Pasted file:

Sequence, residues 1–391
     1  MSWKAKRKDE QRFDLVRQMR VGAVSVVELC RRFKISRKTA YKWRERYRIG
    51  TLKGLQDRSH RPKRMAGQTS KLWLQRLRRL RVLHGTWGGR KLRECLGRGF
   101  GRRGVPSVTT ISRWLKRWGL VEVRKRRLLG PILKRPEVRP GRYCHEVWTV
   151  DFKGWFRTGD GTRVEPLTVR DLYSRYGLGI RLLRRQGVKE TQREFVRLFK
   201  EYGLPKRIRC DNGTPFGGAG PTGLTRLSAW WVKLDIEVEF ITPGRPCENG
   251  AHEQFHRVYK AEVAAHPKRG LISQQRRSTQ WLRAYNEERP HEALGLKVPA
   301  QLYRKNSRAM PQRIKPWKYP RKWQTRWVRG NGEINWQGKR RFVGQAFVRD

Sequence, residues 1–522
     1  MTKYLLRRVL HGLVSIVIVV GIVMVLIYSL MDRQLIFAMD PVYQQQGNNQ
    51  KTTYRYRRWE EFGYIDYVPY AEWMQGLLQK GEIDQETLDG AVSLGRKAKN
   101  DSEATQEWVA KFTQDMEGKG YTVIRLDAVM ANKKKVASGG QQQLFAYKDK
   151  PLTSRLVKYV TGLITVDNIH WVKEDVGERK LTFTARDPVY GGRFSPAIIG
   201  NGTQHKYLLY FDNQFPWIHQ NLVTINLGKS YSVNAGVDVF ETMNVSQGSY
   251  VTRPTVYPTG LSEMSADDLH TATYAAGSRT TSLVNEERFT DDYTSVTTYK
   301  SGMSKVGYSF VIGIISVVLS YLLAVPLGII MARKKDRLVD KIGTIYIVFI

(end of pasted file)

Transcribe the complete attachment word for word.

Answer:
Sequence, residues 1–391
     1  MSWKAKRKDE QRFDLVRQMR VGAVSVVELC RRFKISRKTA YKWRERYRIG
    51  TLKGLQDRSH RPKRMAGQTS KLWLQRLRRL RVLHGTWGGR KLRECLGRGF
   101  GRRGVPSVTT ISRWLKRWGL VEVRKRRLLG PILKRPEVRP GRYCHEVWTV
   151  DFKGWFRTGD GTRVEPLTVR DLYSRYGLGI RLLRRQGVKE TQREFVRLFK
   201  EYGLPKRIRC DNGTPFGGAG PTGLTRLSAW WVKLDIEVEF ITPGRPCENG
   251  AHEQFHRVYK AEVAAHPKRG LISQQRRSTQ WLRAYNEERP HEALGLKVPA
   301  QLYRKNSRAM PQRIKPWKYP RKWQTRWVRG NGEINWQGKR RFVGQAFVRD

Sequence, residues 1–522
     1  MTKYLLRRVL HGLVSIVIVV GIVMVLIYSL MDRQLIFAMD PVYQQQGNNQ
    51  KTTYRYRRWE EFGYIDYVPY AEWMQGLLQK GEIDQETLDG AVSLGRKAKN
   101  DSEATQEWVA KFTQDMEGKG YTVIRLDAVM ANKKKVASGG QQQLFAYKDK
   151  PLTSRLVKYV TGLITVDNIH WVKEDVGERK LTFTARDPVY GGRFSPAIIG
   201  NGTQHKYLLY FDNQFPWIHQ NLVTINLGKS YSVNAGVDVF ETMNVSQGSY
   251  VTRPTVYPTG LSEMSADDLH TATYAAGSRT TSLVNEERFT DDYTSVTTYK
   301  SGMSKVGYSF VIGIISVVLS YLLAVPLGII MARKKDRLVD KIGTIYIVFI